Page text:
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Monday, July 24, 2017
Justinian in Barely Legal, Law students

Barely Legal's part-time job in retail ... The humiliation of a top law student having to wear a uniform and a name tag ... How to work on a Torts essay while serving customers ... The pleasure of being sacked 

Barely Legal has worked at Australia's Favourite Department Store for two years. It wasn't until I started law school, though, that people started asking me if I worked there for the money. I was thunderstruck. People worked retail for anything but the paycheck?  

Turns out it's an unofficial law school axiom that you won't get a graduate job if you have the temerity to "just study". Yes, even if you live rent-free with your parents and spend all your Centrelink money on novelty socks, don't expect to get so much as a clerkship interview if you haven't studded your CV with part-time work and unpaid volunteering.

"I always like to see that applicants have maintained other employment while studying," a graduate recruiter told us during my first year. "It shows us that they can juggle commitments."  

*   *   *

A couple months back I ran into a classmate at a networking event. We'd never spoken before - I'd been calling him Fish Face in my head for over a year. Our boilerplate chit-chat inevitably turned to clerkship applications and extracurriculars.

"I used to have a part time job," Fish Face explained. "But it was taking too much time away from study, so I quit to focus on my readings."

Oh right, Readings. Those things I hadn't had time to do all semester.

"I have five part-time jobs," I boasted. "And I play sport three times a week."

Later at home I was mildly disgusted with myself for buying into the bullshit that you were a failure unless you'd filled your every waking hour with resume fodder. If Fish Face didn't need to work to afford food and could instead spend his bountiful free time on maximising his average, then bully for him.

*   *   *

Once during my twenty minute break I was reading my Contracts textbook in a public food court adjoining the department store. Someone sat down in my peripheral vision and snorted. I glanced up. A stranger was staring at my uniform, and when our eyes locked she asked me if I worked there. 

"Uh-huh," I said. 

"What are you studying?"

"Law."

"Law?" She looked back down at my uniform, trying and failing to reconcile the two. She snorted again. "Really?"

*   *   *

Inevitably, a shift would sometimes coincide with an assignment deadline. One of my more distasteful roles at work is dobbing in colleagues who fail to remove security tags from clothing, thereby making customers suffer the unforgivable humiliation of beeping on their way out.

After prostrating myself in apology, I'm obliged to record the team member's name on a ruled ledger - which also happens to double as a handy essay plan template.

I was working on my Torts paper when someone called my name. I looked up and found myself face to face with a high school-era friend, arm-in-arm with her mother.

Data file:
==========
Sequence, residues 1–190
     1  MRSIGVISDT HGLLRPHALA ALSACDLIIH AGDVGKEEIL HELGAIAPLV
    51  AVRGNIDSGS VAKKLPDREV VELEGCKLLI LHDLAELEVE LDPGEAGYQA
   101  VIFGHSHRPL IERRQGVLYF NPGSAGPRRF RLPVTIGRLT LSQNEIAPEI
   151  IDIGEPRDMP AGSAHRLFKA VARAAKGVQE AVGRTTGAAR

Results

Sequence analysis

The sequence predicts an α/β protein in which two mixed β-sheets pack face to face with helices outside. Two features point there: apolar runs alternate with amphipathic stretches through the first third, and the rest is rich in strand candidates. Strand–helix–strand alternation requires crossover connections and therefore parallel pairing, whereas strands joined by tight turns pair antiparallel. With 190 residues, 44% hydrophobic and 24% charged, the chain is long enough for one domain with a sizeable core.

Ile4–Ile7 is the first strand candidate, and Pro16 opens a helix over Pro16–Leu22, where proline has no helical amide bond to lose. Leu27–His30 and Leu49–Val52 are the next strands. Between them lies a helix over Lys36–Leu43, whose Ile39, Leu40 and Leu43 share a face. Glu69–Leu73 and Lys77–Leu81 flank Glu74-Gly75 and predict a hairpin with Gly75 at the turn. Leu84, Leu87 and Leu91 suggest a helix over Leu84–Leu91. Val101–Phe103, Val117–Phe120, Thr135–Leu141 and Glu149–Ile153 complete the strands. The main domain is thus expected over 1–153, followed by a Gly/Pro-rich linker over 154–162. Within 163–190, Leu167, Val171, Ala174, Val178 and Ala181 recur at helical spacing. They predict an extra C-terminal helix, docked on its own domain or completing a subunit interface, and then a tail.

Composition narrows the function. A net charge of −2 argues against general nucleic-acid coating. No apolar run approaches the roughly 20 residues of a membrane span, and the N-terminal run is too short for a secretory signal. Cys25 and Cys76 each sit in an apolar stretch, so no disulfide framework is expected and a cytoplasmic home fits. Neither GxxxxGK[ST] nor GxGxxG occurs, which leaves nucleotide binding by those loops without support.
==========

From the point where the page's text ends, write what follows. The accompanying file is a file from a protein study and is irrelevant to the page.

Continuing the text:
"You work here now?" my friend asked, eyeing me with shock. Whether she was more surprised that I was wearing lipstick or by the sight of my violently orange uniform kerchief was a mystery for the ages.

I confirmed that my name-tag was indeed not for show.

"Full time?" her mother prompted, not bothering to disguise the oh-so-disappointed undertones: but you had so much promise!

"Just on weekends." With difficulty I resisted the temptation to add that I was a graduate law student at one of Australia's most prestigious schools. Flashing that particular badge of elitism was tantamount to calling my colleagues, the ones who'd made retail their career, low life schlubs. 

*   *   *

It's desirable for law students to pad their CVs with retail humiliation

You don't need to read the news to know that Australia's Favourite Department Store is currently in a financial hole. Shifts we'd been promised started evaporating from our roster last week. When pressed, our manager spoke of "streamlining" and "pulling back". Then my schedule went blank entirely.

We'd been screwed over, yet all I felt was a secret, shameful gratitude. Being fired meant an extra day every week that I could spend frowning at the Corporations Act. It meant no more weekend shoppers seeing my uniform as tacit permission to treat me like a subhuman nitwit. Most of all, it meant people would stop shaming me for working in the service industry, not because I wanted to beef up my clerkship applications, but because I needed to pay that arcane thing called rent.

*   *   *

It usually happened once a shift, so, like clockwork, it happened during my very last one.

"Where's your hairdresser?"

This time the asker was a woman in her forties. My eyes roved to the tufts of static blonde hair jutting from her scalp. Trying to jump ship? 

"Sorry, we don't have one."

"Yes, you do!"

"Not for fifteen years." 

The woman stormed off.

"Have a lovely fucking day." 

Article originally appeared on Justinian: Australian legal magazine. News on lawyers and the law (http://justinian.com.au/).
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